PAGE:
When sex occurs without consent, it is a sex crime. Under Michigan law, this includes vaginal intercourse, anal intercourse, oral sex, and digital penetration. There are a few ways sex can occur without consent:
- Through force or threat of harm;
- Drugging the victim;
- Engaging in sex with an incapacitated individual who cannot consent to sex; and
- When the victim is under Michigan’s age of consent, which is 16.
The criminality of sex with an individual under 16 can be a fuzzy topic, especially when the other party involved is not much older.
Michigan’s Romeo and Juliet Law
Many states have “Romeo and Juliet” laws that permit consensual sex between adolescents and slightly older, yet legally adult, peers. These laws exist in acknowledgment that when there is an age gap in a relationship between two teenagers, the couple can reach a point where their relationship becomes illegal simply due to the older partner’s 18th birthday.
In 2011, Michigan enacted its Romeo and Juliet law. Under this law, an individual age 18 or under who is found guilty of engaging in consensual sex with a partner no more than four years his or her junior can petition to the court to avoid having to register as a sex offender. It is still a criminal offense to engage in sexual relations with an individual under 16, the age of consent in Michigan, and an individual who does can still face criminal penalties. But with Michigan’s version of the Romeo and Juliet law, teenage actions do not have to follow an individual for the rest of his or her life.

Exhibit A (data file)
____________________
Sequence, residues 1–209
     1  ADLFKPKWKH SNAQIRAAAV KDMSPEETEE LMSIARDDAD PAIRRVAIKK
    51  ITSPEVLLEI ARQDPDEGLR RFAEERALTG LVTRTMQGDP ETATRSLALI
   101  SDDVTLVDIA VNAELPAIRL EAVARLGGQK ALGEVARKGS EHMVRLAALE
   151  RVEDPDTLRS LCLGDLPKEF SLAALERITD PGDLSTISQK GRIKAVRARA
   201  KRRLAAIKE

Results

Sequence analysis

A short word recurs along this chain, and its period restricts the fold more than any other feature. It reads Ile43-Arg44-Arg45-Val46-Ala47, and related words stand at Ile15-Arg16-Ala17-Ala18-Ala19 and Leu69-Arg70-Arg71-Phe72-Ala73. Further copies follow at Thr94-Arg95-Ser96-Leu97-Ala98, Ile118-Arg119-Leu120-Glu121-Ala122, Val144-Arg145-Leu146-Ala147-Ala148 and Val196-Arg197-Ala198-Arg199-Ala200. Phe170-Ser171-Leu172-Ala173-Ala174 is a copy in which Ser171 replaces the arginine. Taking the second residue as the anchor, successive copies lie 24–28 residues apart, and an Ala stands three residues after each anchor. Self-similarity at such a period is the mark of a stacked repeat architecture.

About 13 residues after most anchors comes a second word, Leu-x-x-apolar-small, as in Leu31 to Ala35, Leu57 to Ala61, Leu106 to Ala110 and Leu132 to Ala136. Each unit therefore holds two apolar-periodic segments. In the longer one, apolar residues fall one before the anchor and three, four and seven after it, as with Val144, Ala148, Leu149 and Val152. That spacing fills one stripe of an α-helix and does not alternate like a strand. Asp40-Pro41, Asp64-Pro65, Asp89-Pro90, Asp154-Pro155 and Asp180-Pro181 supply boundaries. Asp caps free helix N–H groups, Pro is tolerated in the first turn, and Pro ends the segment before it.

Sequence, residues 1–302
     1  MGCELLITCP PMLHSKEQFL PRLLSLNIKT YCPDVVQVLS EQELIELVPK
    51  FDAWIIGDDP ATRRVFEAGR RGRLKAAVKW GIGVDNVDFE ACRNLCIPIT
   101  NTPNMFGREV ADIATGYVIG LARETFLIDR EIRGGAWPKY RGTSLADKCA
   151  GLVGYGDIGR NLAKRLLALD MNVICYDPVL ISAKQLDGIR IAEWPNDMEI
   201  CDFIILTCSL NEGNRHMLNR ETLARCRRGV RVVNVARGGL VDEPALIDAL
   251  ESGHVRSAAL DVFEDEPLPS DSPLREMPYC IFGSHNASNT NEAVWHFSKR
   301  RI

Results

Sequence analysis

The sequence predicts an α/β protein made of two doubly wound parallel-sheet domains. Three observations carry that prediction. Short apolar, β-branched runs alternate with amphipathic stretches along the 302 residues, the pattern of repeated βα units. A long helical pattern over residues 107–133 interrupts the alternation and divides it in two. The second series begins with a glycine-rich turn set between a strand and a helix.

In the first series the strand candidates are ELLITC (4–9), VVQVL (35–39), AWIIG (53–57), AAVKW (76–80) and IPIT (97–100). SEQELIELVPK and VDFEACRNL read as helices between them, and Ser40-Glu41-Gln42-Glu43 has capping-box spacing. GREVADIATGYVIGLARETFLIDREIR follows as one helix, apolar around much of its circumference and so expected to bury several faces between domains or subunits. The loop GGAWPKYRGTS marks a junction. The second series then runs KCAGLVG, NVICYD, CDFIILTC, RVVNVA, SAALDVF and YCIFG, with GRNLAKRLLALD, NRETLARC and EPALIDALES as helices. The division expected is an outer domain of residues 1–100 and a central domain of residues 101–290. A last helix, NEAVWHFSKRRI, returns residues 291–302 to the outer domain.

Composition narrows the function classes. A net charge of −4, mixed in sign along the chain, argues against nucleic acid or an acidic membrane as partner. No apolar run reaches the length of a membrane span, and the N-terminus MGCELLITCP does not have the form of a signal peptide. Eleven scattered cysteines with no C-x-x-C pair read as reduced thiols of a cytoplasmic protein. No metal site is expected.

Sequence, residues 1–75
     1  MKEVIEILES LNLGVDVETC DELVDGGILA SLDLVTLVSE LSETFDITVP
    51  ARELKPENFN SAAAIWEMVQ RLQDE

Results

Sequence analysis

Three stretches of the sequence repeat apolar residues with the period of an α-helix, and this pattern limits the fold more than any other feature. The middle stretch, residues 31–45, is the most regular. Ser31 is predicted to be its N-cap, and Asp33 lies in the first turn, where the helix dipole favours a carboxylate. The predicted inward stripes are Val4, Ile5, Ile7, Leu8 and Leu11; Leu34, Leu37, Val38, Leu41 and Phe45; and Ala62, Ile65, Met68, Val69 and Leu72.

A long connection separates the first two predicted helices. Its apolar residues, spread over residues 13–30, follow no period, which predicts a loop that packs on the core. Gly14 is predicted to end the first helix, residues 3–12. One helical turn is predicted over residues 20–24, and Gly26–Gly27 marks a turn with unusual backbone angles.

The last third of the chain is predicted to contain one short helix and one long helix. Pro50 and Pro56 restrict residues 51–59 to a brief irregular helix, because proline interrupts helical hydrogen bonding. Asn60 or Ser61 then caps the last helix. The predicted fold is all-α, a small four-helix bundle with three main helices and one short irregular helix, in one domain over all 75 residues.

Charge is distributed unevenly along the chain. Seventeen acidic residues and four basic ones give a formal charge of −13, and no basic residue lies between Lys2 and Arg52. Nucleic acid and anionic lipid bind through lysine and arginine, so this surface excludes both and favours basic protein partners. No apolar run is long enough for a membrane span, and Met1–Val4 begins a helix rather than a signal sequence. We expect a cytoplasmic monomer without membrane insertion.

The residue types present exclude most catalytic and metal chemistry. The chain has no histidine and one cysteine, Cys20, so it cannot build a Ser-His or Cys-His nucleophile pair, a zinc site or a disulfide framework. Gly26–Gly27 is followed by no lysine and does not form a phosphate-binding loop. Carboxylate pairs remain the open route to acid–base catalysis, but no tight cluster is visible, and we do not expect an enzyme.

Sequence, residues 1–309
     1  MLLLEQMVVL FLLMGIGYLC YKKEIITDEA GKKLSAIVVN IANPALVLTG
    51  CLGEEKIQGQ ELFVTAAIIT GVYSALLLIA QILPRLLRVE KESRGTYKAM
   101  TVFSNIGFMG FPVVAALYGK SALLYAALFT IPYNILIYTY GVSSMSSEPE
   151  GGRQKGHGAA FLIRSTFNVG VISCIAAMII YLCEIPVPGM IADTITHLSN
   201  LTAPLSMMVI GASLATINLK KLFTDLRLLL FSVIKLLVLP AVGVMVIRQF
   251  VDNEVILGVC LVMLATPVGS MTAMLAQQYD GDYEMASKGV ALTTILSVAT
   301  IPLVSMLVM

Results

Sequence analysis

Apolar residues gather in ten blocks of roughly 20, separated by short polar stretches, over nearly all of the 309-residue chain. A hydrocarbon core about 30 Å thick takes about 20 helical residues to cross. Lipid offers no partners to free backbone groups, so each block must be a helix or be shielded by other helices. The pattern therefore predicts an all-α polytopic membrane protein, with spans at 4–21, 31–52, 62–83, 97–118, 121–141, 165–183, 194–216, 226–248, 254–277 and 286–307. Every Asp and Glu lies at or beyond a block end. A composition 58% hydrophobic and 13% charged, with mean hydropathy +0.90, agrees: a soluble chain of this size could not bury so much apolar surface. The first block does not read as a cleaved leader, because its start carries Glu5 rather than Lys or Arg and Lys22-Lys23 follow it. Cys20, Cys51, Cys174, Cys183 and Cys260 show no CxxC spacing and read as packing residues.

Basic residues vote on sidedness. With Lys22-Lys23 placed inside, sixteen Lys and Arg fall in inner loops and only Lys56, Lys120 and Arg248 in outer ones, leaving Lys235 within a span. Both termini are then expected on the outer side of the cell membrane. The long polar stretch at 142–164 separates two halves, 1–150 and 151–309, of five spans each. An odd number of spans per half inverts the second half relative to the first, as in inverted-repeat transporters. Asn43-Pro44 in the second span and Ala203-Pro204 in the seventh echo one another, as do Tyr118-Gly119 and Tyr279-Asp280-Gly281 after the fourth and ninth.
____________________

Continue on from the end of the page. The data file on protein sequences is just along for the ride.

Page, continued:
It is important to understand that being within four years of the victim’s age does not automatically mean an offender will not be required to register as a sex offender. It simply means he or she can petition to be kept off the registry. The court considers a variety of factors, such as both parties’ age and maturity levels and the nature of the offense, to determine whether to approve the petition.
Penalties for a Sex Crime Conviction
The penalties an individual faces for a sex crime conviction depend on the nature of his or her charge and the presence of any aggravating or mitigating factors. For example, sexual conduct with a child under the age of 13 charged as first-degree criminal sexual conduct, whereas sexual conduct with a child between 13 and 16 is charged as second-degree criminal conduct.
Penalties for sex crime convictions include:
- Prison time;
- Probation; and
- Mandatory registration with the Michigan Sex Offender Registry.
Even the lowest level sex crime convictions, fourth-degree criminal sexual conduct, can land a guilty defendant in jail and require him or her to register as a sex offender.
Work with an Experienced Michigan Criminal Defense Lawyer
If you or your child have been charged with a sex crime, contact an experienced criminal defense lawyer as soon as possible to start working on the case’s defense strategy. Reach out to Michigan Defense Law today to set up your consultation with our firm to discuss your case in detail and start developing an appropriate defense strategy.